“Well, that Fidelio is not being revived next season. The prevailing policy at the State Opera House creates productions that belong in a museum.” Indeed, on the day following this conversation I saw a performance of Manon Lescaut which looked like it must be decades old, but in fact had only just premiered in 2008… “In this day and age it’s almost impossible to avoid that sort of thing at a repertoire and ensemble theater, though, the result being that sometimes 50-year-old productions ofTraviata or Tosca are still being put on. ‘Not good enough? Then we’ll schedule some additional rehearsals!’ was my predecessor’s answer to this problem. But seriously, the trouble at repertoire companies is that new productions have to be stageable for the next 30 years, and that makes most interesting projects unaffordable. Whenever I broke that rule, of course it didn’t exactly make me very popular. In future I will be going where I can find the conditions I need to work, and that is in the West for the most part.”

In the West? Hasn’t it been years since the iron curtain came down? “Well, the West can be Australia and New Zealand as well as far as I’m concerned, but I admit that some old habits die hard, including certain figures of speech.”

But of course he will be continuing to carry forward the Budapest Wagner Festival, with a new production of Tannhäuser and a revival of the Ring cycle scheduled for next year? “Yes, no question about that, the Wagner Festival in Budapest is ‘my baby’. Ever since the inauguration of the Palace of Arts, it has been a wonderful opportunity to stage new and exciting productions of Wagner operas for which tickets are actually available to the public, and at a reasonable price, too. It is developing into a viable alternative or complement to Bayreuth, depending on your point of view.” The long, one-hour intervals, good restaurants and the Modern Art Museum housed in the Palace of Arts complex – built on the riverbank with a spectacular view of the Danube – all contribute to this. “Budapest audiences are quite conservative, though, and although the ‘experts’ are happy to attend our performances, many of this city’s regular opera-goers are loathe to make the short trip down here to see something new. Someone once said that there are cat audiences and dog audiences, in that it is in a dog’s nature to follow his master, but a cat will always want to stay in the same house. That makes the our opera audience in Budapest a cat audience, I suppose.”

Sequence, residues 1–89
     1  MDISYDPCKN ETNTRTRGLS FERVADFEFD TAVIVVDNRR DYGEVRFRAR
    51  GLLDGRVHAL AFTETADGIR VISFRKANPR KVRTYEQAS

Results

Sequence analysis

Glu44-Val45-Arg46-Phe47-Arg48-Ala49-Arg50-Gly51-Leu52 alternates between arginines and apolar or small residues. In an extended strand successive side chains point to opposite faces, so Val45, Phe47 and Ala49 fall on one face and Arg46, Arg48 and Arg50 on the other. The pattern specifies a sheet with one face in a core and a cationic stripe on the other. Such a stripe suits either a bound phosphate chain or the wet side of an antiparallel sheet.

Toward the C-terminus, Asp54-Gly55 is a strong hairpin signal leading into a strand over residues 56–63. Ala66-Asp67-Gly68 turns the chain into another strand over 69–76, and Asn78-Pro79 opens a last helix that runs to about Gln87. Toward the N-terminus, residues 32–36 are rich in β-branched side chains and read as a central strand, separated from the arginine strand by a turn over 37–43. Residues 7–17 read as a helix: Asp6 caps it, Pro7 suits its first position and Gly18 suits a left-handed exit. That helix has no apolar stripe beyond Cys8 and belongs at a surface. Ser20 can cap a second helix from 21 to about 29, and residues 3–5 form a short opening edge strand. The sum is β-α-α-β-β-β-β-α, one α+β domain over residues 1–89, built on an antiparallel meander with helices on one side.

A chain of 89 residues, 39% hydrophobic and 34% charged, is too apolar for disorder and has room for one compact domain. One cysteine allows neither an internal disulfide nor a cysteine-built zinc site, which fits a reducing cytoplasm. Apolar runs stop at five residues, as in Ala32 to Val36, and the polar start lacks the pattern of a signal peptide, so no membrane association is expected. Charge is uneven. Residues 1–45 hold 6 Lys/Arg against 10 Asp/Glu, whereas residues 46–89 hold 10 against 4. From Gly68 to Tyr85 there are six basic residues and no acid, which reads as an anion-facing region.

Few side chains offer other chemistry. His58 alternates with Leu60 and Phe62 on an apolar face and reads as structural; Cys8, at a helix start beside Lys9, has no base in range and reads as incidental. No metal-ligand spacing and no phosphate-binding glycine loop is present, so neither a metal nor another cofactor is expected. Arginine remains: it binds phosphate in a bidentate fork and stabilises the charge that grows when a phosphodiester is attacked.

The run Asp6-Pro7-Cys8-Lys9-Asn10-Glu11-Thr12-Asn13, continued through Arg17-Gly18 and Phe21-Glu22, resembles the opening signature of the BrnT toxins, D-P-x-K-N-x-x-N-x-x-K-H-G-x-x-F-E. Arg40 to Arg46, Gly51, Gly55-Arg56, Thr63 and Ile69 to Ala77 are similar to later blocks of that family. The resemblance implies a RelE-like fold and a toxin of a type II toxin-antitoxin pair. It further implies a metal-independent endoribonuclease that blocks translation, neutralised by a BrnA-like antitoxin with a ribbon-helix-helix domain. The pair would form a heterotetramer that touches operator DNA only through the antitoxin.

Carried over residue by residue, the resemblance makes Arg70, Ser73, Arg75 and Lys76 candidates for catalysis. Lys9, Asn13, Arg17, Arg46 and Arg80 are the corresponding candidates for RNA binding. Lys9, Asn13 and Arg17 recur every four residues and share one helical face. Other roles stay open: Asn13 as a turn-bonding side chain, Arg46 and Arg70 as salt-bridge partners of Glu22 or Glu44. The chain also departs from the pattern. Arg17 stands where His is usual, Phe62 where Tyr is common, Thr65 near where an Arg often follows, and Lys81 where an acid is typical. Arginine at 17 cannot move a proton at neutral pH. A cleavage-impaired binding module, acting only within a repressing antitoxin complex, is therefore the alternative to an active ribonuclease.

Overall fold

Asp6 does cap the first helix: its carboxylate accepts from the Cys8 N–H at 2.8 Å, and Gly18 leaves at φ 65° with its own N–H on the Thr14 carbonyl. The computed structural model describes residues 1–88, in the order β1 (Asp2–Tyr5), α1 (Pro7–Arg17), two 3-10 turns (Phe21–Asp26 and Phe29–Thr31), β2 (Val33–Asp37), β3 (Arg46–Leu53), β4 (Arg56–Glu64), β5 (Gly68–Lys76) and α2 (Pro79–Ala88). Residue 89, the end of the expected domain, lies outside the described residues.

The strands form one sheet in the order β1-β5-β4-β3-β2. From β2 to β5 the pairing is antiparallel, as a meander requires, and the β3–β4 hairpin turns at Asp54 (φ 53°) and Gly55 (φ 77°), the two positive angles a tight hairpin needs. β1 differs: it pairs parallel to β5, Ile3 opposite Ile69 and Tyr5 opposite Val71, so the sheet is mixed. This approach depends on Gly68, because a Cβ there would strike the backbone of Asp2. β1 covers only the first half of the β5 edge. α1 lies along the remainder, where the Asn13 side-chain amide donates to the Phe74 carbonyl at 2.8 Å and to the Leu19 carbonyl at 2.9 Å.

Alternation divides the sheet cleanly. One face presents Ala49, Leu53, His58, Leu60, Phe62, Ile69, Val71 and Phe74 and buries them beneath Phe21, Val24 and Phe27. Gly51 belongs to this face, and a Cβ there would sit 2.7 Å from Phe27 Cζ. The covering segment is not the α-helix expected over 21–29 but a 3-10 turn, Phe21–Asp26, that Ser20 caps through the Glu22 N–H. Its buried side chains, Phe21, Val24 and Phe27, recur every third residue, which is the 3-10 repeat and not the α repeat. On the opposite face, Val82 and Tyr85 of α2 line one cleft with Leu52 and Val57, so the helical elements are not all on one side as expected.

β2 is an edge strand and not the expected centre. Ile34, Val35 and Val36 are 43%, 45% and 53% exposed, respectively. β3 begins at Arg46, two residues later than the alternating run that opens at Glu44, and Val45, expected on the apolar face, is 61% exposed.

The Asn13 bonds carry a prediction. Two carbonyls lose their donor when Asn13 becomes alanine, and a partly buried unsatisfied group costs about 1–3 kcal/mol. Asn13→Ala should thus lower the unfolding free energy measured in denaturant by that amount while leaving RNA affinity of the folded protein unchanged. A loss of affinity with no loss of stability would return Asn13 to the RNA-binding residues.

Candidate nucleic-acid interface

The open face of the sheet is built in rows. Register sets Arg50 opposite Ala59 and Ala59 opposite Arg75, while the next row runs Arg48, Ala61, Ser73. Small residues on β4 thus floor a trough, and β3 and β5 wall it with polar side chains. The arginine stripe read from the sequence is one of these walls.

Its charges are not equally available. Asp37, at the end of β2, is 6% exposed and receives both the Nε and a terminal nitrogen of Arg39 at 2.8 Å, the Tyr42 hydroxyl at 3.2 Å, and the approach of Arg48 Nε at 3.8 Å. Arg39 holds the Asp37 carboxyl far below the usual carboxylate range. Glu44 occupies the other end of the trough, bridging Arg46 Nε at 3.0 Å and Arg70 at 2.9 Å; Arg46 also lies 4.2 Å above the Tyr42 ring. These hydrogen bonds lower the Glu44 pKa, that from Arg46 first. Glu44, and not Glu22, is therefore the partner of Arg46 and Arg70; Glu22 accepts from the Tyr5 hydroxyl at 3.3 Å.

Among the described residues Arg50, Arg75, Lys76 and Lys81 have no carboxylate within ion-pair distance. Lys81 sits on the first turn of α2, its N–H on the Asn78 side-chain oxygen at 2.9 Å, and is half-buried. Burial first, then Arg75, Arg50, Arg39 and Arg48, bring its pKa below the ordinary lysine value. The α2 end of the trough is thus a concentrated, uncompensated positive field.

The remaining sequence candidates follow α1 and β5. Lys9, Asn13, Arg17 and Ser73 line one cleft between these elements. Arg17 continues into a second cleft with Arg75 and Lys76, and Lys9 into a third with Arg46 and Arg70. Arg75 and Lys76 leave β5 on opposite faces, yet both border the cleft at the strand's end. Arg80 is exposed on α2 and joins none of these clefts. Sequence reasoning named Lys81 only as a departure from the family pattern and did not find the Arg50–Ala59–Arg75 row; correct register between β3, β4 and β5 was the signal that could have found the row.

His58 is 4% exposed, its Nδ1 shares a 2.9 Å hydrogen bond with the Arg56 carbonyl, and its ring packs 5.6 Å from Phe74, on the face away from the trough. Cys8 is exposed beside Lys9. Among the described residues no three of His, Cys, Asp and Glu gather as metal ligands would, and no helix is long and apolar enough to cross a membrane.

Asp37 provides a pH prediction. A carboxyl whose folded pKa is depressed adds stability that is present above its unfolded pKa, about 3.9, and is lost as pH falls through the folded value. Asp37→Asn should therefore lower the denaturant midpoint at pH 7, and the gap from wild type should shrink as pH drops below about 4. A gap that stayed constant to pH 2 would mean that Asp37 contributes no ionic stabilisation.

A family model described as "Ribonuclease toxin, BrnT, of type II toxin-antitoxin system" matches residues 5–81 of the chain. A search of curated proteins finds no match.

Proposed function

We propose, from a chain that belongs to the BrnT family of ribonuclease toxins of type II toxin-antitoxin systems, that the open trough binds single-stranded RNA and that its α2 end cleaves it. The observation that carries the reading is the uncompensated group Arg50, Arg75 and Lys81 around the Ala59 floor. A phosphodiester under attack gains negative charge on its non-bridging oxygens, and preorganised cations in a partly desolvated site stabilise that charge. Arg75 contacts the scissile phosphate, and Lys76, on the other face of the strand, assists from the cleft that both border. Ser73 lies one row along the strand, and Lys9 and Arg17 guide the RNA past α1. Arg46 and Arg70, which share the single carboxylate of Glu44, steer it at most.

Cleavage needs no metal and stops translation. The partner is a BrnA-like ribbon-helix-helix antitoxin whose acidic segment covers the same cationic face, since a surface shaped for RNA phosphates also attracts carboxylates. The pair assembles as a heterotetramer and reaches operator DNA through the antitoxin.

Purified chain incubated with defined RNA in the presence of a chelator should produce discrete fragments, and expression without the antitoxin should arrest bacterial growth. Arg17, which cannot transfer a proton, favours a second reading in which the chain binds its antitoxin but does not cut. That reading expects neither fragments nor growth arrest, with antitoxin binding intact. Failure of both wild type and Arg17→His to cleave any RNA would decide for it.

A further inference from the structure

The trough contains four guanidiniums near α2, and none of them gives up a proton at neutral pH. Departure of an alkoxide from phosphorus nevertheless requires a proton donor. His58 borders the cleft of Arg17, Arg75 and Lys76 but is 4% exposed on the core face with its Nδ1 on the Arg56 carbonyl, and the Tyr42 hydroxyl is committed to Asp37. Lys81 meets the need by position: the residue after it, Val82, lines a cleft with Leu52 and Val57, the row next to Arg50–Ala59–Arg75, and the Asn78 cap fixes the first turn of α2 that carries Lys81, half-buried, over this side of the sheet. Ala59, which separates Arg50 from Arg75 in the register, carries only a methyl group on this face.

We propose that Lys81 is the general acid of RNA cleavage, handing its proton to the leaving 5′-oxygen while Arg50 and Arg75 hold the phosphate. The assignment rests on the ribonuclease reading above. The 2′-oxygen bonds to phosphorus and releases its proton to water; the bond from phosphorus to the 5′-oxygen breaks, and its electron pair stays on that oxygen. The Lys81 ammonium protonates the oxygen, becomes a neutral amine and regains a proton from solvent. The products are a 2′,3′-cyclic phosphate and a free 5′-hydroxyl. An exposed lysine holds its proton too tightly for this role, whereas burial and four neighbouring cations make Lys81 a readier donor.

It’s only a few stops on the tram along the Danube to come down here from the center of town, though, and whoever isn’t willing to do that this season will certainly be missing out on a fantasticLohengrin, complete with ‘police dogs’ on stage… “Incidentally, the idea for those dogs came to mind while watching the royal wedding on television and the massive security precautions it involved…! So our Elsa and Lohengrin have Kate and William to thank for that.” Nonetheless, director László Marton’s work speaks for itself – and he is also an artist who has had his share of run-ins with authoritarian governments.

Ádám Fischer has at times expressed a bit of exasperation with so-called ‘authentic’ performances, so I wonder how this applies to Wagner? “What I meant by those statements is that you can just as easily play badly on old or authentic instruments. It’s important to understand the intentions of the composer, but it’s wrong to hide behind them, since you have to bring your own personality to what you play. That applies to Wagner’s music in that a different sound can be produced by playing on catgut strings, of course, but above all because it used to be considered somewhat unauthentic to perform his work outside Bayreuth.” But as Fischer says in his Parsifal program notes, every conductor should go on a pilgrimage to Bayreuth in search of the music’s origins, and then go off and be ‘authentic’ elsewhere. Following the initial 30-year ban on performing Wagner’s music outside Bayreuth after his death, the first Budapest performance actually took place just hours after that ban had expired, and was awaited with much the same excitement as a new Harry Potter book is today! “Wagner has always been very popular with audiences in Hungary, and I am doing my best to sustain that enthusiasm.”